Extracapsular surgery consists of surgically removing the lens, but leaving the back half of the capsule (the outer covering of the lens) intact. High frequency sound waves (phacoemulsification) may be used to soften the lens to facilitate removal through a smaller incision.
Intracapsular surgery involves surgically removing the entire lens, including the capsule. This procedure is very rare.
Usually an artificial lens is inserted at the same time of surgery. This artificial lens is a plastic disc called an intraocular lens. It is usually placed in the lens capsule inside the eye.
Other options are contact lenses and cataract glasses.
Surgery can be done as an outpatient at a center or hospital. Most do not stay overnight in a hospital. The patient will need a friend or family member to help with travel home and also home care after outpatient surgery. Following the surgeons instructions are important for a full recovery.
For most, cataract surgery has a low risk of complications. With implanted artificial lenses, some no longer need corrective lenses for distance vision. Glasses are usually necessary for reading.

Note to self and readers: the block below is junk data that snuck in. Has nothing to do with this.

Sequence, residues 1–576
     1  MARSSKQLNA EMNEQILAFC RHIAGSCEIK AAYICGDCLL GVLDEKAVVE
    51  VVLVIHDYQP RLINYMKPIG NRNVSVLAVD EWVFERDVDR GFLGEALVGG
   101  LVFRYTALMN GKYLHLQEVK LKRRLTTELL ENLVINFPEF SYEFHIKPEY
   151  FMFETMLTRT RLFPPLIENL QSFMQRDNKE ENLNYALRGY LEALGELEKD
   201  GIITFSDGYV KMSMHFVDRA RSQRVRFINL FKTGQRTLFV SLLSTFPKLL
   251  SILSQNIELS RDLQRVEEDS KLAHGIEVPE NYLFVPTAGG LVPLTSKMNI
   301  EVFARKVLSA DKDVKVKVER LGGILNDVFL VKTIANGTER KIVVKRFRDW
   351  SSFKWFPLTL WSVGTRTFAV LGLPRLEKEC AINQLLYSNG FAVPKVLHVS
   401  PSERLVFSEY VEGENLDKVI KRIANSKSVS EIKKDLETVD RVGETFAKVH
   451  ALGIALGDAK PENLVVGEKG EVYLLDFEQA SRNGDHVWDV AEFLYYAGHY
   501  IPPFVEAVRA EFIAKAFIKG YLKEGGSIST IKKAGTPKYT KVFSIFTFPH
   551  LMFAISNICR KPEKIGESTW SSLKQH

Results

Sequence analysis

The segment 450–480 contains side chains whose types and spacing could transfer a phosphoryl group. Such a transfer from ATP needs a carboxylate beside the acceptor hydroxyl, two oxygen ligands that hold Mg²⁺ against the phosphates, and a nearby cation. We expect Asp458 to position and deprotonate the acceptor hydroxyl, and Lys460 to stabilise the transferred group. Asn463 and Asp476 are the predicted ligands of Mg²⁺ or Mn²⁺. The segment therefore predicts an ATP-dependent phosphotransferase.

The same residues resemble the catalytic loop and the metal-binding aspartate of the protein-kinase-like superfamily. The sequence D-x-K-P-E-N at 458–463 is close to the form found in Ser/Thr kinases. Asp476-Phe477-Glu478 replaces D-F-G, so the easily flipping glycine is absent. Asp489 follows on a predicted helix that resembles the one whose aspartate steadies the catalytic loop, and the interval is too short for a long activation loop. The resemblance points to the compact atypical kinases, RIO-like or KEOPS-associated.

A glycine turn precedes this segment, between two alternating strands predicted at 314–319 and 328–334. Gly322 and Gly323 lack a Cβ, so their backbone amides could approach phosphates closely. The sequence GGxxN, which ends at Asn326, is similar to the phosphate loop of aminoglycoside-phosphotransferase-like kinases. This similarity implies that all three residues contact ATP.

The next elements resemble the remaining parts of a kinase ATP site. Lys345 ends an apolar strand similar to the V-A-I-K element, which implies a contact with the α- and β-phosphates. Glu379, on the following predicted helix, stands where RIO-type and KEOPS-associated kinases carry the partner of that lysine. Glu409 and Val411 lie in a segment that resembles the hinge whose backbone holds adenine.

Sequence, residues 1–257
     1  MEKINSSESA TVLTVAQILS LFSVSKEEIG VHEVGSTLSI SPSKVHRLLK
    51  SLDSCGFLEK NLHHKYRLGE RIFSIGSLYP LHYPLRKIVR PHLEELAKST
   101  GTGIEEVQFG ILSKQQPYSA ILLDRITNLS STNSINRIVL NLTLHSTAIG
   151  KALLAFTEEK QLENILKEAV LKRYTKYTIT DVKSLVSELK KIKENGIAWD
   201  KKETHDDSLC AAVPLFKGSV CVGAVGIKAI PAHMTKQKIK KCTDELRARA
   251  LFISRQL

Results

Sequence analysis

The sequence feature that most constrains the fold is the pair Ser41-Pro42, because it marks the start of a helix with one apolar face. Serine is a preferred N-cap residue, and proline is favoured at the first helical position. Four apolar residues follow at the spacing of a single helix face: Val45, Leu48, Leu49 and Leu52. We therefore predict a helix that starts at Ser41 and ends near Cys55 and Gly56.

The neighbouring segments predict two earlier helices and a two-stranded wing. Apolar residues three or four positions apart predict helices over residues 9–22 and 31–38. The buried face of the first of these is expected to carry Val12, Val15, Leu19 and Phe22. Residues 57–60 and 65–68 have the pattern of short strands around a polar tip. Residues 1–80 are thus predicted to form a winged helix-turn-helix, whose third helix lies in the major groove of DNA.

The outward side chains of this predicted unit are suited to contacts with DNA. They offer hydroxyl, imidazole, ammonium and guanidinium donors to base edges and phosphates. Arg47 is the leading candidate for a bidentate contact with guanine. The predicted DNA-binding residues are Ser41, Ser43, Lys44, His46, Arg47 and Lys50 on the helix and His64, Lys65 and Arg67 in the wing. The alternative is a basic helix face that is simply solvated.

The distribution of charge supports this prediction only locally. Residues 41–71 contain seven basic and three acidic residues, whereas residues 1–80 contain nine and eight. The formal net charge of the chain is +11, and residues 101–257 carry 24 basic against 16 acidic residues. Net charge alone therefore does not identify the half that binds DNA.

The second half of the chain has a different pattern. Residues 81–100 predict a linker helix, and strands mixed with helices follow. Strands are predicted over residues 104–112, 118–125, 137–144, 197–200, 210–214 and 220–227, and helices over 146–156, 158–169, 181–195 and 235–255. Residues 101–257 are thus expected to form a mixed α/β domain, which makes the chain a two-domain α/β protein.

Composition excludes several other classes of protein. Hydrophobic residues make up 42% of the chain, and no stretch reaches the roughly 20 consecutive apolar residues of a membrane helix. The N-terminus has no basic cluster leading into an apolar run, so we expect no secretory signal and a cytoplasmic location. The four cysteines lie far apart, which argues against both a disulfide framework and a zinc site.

Vision may not improve to 20/20 after surgery especially if other eye diseases such as macular degeneration are present. Ophthalmologists usually, but not always, can determine this in advance.
This is quite different with infants, amblyopia and decreased visual development may occur as a result of cataract. Early diagnosis and treatment is essential.
If you have the symptoms of cataract, such as progressive deterioration of vision, decreased night vision, or problems with glare call for an appointment with your health care provider.
Or if you have a family history of congenital cataracts or if your child has symptoms or signs suggestive of a cataract.
This way the necessary steps can be followed to improve your vision.